by Tricia Ebner
The old adage “You never get a second chance to make a first impression” holds an awful lot of truth when it comes to starting the school year. I felt that most keenly as a first-year teacher, facing my first class of 42 seniors in college-prep English. I wasn’t at all concerned about the seventh grade reading class I would see first in the day; I had student taught in seventh grade, in the fall semester, and had a very good sense of how I was going to begin the year with them. It was those seniors–many of whom were just three years younger than me–that had me nervous. I knew they were going to scrutinize every single detail of the day: would I make their senior year in English easy, or a nightmare? I wanted to make a good first impression. So I outlined a syllabus, prepared a list of 10 classroom rules, and planned to spend the first period going over rules, expectations, and then hand them their first writing assignment.
I’m pretty sure many of them decided I was a nightmare.
Since that first day of that first year, I’ve changed a good deal about how I launch a year with my students. Yes, I want them to know and understand the rules and expectations. I want them to get the sense that we are going to work hard and learn lots. I also want them to recognize that I care about them, not only as learners but also as people. Finally, I want to start getting an idea of their personalities, likes and dislikes, and where they are in their learning. It’s a tall order for a first day of school.
There are a couple of strategies I use to help set the tone for our year. First of all, I go over the rules and expectations, but just briefly. My list of class rules is now limited to just three:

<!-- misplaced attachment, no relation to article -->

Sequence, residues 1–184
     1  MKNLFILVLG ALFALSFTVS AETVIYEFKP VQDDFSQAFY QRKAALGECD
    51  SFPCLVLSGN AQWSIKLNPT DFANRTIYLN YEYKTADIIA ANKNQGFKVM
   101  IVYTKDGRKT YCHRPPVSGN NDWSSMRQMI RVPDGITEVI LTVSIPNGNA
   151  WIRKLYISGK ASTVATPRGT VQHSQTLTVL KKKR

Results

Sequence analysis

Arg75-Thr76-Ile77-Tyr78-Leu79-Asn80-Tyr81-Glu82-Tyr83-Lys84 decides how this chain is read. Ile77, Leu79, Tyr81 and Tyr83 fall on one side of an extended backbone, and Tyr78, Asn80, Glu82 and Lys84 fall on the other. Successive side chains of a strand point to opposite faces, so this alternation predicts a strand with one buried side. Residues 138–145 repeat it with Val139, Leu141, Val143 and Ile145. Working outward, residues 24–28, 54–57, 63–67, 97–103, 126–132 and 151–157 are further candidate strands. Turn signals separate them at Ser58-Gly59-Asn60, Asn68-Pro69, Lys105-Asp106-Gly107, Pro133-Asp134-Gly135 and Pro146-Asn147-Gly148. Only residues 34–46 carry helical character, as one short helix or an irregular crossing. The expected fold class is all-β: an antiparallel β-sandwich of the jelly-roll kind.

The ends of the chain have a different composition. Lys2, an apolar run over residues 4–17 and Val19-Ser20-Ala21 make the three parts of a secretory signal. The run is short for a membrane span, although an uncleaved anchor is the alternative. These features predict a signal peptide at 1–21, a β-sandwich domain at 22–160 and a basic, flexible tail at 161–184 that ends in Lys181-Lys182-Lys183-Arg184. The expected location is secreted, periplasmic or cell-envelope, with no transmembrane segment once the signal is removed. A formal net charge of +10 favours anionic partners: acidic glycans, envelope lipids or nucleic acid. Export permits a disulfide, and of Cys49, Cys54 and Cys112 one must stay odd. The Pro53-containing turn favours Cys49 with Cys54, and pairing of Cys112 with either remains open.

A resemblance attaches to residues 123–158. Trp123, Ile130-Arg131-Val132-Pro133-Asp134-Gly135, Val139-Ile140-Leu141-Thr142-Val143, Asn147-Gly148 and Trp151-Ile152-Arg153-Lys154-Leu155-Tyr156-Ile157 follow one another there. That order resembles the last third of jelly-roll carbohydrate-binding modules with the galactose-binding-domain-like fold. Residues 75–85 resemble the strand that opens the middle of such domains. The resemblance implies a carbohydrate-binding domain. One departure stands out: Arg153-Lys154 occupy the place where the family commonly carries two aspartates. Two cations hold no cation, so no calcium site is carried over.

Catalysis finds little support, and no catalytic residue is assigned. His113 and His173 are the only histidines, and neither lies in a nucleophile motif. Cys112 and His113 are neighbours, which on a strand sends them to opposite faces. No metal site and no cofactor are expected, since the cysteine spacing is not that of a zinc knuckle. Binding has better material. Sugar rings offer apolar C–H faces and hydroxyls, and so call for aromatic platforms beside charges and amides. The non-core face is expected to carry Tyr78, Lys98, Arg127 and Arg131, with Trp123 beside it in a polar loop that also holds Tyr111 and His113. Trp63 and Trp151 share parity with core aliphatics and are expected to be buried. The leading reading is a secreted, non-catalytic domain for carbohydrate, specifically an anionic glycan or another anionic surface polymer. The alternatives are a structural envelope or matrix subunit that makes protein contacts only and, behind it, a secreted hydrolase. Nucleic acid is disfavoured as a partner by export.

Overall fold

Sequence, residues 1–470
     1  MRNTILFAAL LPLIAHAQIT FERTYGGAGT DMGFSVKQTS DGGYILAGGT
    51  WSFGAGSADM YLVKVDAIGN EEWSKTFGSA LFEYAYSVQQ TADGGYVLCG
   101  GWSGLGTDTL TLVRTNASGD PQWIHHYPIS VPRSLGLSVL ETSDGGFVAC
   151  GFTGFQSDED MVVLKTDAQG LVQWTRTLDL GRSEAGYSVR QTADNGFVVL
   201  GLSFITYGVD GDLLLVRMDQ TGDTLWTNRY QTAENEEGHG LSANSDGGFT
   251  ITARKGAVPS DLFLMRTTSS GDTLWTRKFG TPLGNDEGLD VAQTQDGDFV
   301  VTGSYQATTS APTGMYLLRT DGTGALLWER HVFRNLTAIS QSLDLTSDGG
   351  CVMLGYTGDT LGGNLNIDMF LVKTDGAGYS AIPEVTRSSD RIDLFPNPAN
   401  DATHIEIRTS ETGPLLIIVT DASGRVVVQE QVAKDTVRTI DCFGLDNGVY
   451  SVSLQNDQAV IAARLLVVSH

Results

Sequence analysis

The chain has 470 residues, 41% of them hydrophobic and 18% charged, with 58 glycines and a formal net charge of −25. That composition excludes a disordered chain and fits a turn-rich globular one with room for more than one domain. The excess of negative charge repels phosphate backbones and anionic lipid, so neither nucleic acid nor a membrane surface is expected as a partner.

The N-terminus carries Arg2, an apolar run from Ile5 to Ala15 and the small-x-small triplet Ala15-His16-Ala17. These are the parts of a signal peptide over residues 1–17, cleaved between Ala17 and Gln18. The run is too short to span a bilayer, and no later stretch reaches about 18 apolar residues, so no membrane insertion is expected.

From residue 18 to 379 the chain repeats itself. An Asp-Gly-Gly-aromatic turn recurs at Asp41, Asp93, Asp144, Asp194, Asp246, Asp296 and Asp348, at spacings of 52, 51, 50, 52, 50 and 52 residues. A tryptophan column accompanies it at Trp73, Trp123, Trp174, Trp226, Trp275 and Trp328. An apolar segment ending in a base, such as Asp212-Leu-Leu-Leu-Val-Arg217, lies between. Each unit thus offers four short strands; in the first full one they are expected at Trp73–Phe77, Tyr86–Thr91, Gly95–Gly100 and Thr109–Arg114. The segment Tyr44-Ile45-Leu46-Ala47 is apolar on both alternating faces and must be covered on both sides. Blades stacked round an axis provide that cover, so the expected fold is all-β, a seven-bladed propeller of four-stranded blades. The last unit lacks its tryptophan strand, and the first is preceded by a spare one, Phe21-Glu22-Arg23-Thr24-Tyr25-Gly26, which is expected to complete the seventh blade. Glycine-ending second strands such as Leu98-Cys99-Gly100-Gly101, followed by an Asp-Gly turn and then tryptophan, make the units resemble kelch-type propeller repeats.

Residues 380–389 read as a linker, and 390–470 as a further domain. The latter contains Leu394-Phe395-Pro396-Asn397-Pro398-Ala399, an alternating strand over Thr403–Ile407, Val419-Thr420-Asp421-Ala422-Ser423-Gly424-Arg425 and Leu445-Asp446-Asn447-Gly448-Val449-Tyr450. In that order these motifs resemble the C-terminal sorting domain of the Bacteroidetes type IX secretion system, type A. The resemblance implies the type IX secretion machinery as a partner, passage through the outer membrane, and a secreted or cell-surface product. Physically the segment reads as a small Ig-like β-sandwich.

- Be on time and prepared for class.
- Be responsible and do your best.
- Be courteous and respectful to your classmates, classroom guests, teachers, and yourself.
I realized a few years ago that my list of 10-15 rules really just boiled down to these three, and I haven’t had issues with these. I give a couple of examples of what each of these means, spending about five minutes on these. Then I provide them with a “tour” of the classroom, so they know where to find the “emergency paper” (i.e., they ran out of paper last period), the golf pencils for when they’ve lost or forgotten theirs, the place where we turn in work, the books they are welcome to check out and read, and so on. I also practice the routine of filling out the student planner with them.
After those “housekeeping” issues, I ask them to complete a reading survey. This gives me a bit of an idea about their perspectives on reading, how many books they tend to read, and their favorite kinds of reading. It’s not really all that exciting, necessarily, but it helps me begin the process of getting to know reading skills and strengths. The anecdotal information I gather from the survey, along with data I have from previous district and state assessments, starting filling in the snapshot of each student’s skills so that I can make decisions about what additional information I need.
We finish the class with a “snowball fight.” The snowball fight requires a piece of notebook paper and a pencil. Students write down three interesting facts about themselves that they think no one else in the class knows about them. Then they crumple up their paper. Once everyone is ready, we hurl our “snowballs” across the room toward each other, and after a time of this, we stop with the paper we have in our hands. Then we take turns reading the papers and try to figure out which snowball belongs to which student. It’s a great way to get to know students and get them out of their seats a bit on what is sometimes a long first day of school.
Giving careful consideration to how I start off the school year has made a positive difference in the tone I set for the year ahead. I’m not sure I would’ve been brave enough to try the snowball fight activity with those 42 seniors on my first day of teaching, but I have learned that finding a balance between the “housekeeping” and engaging activities gives students a glimpse into our class. When those students leave my room with smiles on their faces and cheerful, “Have a good day!” and “See you tomorrow!” statements, I know we’re on the start of a positive adventure together.